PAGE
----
According to a new study, cat owners can be classified into five types. They fall into different categories according to their pets’ attitudes, roaming, and hunting. The researchers in the study surveyed UK cat owners for some time and managed to classify five different types of cat owners.
The first type were called “conscientious caretakers” – those who were concerned about their cats’ impact on wildlife. These owners felt some degree of responsibility.
“Freedom defenders” opposed restrictions on cat behavior, while “condensed protectors” were focused on cat safety.
The fourth type of cat owners were dubbed “tolerant guardians” – they disliked their pets’ hunting behavior but accepted it as natural.
The fifth and final type were “laissez-faire landlords”, or cat owners unaware of their pets’ roaming and hunting behavior.
The “Cats, Cat Owners and Wildlife” project at the University of Exeter is a win-win for conservation. It identifies the way cat owners manage their cats which benefits both them and eliminates the risk of wildlife killing. The study was conducted on over 50 cat owners, and even though the sample is small, it’s a step forward in understanding how cat owners view and manage their pets.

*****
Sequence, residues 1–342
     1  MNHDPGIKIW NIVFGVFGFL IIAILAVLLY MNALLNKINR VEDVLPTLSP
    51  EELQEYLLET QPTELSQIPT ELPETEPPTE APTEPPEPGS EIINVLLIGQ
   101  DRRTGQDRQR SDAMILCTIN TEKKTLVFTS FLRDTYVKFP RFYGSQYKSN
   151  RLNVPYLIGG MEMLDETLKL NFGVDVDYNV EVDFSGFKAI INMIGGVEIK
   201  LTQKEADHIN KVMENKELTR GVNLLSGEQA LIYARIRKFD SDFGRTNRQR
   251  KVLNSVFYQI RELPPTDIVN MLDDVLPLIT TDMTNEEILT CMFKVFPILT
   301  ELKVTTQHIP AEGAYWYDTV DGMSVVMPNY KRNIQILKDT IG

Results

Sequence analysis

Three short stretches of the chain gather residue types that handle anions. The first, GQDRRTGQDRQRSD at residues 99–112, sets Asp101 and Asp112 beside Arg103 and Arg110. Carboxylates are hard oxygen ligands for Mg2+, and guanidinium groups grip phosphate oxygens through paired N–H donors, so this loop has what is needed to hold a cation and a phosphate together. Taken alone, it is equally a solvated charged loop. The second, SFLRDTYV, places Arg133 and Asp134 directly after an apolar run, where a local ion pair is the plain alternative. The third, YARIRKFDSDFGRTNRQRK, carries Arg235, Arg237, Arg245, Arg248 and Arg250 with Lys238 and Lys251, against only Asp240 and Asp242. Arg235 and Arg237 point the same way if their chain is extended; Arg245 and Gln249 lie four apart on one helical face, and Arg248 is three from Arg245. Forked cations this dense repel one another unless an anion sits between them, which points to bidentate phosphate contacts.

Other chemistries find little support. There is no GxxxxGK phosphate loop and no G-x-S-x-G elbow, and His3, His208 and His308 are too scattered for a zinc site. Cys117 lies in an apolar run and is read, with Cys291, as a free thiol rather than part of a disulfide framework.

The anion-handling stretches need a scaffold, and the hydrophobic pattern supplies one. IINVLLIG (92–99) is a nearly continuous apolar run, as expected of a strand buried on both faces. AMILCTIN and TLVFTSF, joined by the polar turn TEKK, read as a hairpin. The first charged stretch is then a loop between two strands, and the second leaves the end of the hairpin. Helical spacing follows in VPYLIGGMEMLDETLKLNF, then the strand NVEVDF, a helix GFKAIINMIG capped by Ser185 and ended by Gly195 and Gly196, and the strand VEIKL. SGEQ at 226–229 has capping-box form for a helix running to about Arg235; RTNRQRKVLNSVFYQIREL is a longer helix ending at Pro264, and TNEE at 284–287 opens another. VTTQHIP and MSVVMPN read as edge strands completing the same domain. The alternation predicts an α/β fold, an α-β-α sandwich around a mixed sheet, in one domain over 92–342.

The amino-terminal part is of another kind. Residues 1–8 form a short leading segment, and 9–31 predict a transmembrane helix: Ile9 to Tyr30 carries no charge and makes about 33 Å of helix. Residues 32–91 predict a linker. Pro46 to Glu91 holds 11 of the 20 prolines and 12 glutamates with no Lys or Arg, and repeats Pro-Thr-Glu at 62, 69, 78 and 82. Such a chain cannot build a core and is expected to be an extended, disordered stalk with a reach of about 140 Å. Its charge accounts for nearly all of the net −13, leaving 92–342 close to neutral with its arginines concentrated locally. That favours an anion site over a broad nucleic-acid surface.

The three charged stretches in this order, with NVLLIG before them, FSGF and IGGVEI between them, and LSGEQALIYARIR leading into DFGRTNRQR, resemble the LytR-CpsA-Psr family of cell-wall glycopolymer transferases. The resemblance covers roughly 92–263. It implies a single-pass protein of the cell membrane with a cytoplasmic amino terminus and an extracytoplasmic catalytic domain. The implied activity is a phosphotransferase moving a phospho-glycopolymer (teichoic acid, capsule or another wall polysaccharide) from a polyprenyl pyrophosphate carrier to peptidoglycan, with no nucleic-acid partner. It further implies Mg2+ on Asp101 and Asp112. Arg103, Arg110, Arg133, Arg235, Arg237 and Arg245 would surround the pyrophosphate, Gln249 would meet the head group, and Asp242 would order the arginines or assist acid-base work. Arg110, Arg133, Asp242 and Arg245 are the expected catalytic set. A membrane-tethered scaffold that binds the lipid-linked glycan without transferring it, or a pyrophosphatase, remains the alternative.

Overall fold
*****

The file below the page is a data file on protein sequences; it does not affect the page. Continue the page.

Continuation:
In most cases, UK cat owners valued their cats’ outdoor access. They opposed the idea of keeping them inside to prevent hunting. Such confinement policies won’t find support in the UK. However, in order to be fully effective, the efforts to reduce hunting must be compatible to the owners’ diverse circumstances.
The suggested measures to reduce hunting including fitting cats with brightly colored collars. Hey, if it works, it isn’t stupid. The research team is currently investigating how effective the measures can be and how the owners feel about them.
If endangered species are to thrive, we need a pragmatic approach and for cat owners to change a bit of their views. Conservationists and cat owners must work together and find tailored solutions that are easy to implement.